(Left to right): Paul DiGaicomo, president of the Detectives Endowment Association; Linda Messo, RUMC NICU RN; Kenda Damate, Messo's stepmother and retired NYPD detective. Messo was recognized by the DEA Endowment Association for her heroism in saving the life of off-duty DEA Det. Michael Cacciopolli.
Linda Messo, a neonatal intensive care unit (NICU) registered nurse at Richmond University Medical Center (RUMC), says she’s a woman of faith who believes there were no coincidences on July 29 when she saved the life of off-duty Drug Enforcement Agency (DEA) Det. Michael Cacciopolli.
Messo, 26, of Colts Neck, N.J., had just crossed the Outerbridge Crossing on the way to her 7 p.m. shift at RUMC, and was sitting in traffic. “I never drive in the far-right lane of 440 when I get off the bridge. I’m always in the left lane because I have to get on the expressway. I totally believe if I wasn’t in that far right lane that I wouldn’t have seen the car; I wouldn’t have seen him on the floor,” Messo told the Advance/SILive.com.
Cacciopolli was on his way home from a beach in New Jersey when he started feeling sick and began vomiting on the shoulder of 440. Moments later he was unconscious on the ground while his girlfriend was frantically screaming for help on the phone with 911. When he vomited, he aspirated – meaning the vomit entered his airway and went into his lungs.
Messo saw what was happening and pulled over, got out of the car, told Cacciopolli’s girlfriend she was a nurse and began performing CPR. “I could tell based on my assessment that he was in full blown cardiac arrest,” she said.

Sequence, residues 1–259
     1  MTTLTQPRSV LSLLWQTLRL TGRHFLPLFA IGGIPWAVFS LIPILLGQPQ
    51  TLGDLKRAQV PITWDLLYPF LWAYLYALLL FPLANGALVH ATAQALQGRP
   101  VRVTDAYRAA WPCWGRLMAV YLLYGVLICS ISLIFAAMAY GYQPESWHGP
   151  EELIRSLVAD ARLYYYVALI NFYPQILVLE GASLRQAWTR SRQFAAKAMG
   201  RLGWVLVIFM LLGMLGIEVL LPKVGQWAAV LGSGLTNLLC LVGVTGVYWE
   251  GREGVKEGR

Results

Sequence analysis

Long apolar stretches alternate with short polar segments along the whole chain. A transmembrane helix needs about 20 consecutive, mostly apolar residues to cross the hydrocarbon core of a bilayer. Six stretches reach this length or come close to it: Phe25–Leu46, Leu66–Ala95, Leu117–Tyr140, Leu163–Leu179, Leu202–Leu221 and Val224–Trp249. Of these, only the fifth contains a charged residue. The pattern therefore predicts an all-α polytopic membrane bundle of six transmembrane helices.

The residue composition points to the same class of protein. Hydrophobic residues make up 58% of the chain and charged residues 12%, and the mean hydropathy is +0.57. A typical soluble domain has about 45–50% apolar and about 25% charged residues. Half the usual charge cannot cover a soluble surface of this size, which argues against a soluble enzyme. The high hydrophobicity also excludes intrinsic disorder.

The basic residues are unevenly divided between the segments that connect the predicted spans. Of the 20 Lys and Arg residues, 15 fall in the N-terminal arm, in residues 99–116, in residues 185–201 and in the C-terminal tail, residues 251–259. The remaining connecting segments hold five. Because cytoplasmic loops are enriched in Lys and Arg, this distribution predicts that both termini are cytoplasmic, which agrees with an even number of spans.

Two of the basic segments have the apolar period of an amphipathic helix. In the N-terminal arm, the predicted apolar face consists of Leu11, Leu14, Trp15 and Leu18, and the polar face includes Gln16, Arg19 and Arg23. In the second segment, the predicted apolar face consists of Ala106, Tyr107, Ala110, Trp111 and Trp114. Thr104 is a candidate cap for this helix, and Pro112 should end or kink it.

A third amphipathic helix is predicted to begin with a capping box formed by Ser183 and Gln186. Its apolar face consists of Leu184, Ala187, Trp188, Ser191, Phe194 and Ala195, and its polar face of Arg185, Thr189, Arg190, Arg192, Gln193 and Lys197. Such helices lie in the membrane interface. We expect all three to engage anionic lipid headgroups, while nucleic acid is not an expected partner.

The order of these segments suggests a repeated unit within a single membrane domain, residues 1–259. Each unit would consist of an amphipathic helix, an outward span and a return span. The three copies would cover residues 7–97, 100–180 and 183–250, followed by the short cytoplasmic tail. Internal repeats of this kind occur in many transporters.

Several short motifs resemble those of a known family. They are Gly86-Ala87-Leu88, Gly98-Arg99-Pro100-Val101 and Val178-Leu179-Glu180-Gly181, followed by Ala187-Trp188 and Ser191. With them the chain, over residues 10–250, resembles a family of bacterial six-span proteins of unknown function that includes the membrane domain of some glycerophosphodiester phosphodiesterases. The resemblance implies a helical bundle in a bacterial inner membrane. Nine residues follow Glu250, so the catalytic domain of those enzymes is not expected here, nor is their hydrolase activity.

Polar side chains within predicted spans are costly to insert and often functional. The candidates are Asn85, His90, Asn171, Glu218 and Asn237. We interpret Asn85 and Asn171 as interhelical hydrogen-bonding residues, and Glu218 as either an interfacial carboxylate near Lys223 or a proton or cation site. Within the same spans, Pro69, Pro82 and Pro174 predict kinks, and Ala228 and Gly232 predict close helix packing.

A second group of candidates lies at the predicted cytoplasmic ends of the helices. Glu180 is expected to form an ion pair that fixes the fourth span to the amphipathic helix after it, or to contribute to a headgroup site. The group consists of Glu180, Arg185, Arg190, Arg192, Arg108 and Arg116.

Earlier that same day, Messo had to recertify her basic life support (BLS) and CPR training, which expires every two years. So she had just finished a refresher course on how to perform CPR when she saw Cacciopolli unconscious on the ground.
“I truly believe God put me there, and was with me that day. I’m a NICU nurse; I work with tiny babies — I’ve never performed CPR on an adult. I’ve only ever used my two fingers or my thumbs to do chest compressions. Everything lined up that day, even though this poor guy did suffer in that moment, everything that day happened for a reason,” she said.
While performing CPR, Port Authority police arrived. Messo asked them for an automated external defibrillator (AED). The AED shocked Cacciopolli three times and Messo performed CPR for approximately 20 minutes before his normal sinus rhythm returned. He was taken via ambulance to Staten Island University Hospital in Princes Bay, where he was intubated and placed on a ventilator. He remained on the ventilator for several weeks before being transferred to Glen Clove Hospital, where he also stayed for several weeks. Cacciopolli fully recovered and is due to return to active duty soon. A neurologist at Staten Island University Hospital said because Messo performed CPR so perfectly, he didn’t lose any motor functions.
For her heroic actions, Messo was recently honored by the Drug Enforcement Agency and presented with an award, given to her by DEA Endowment Association President Paul DiGiacomo.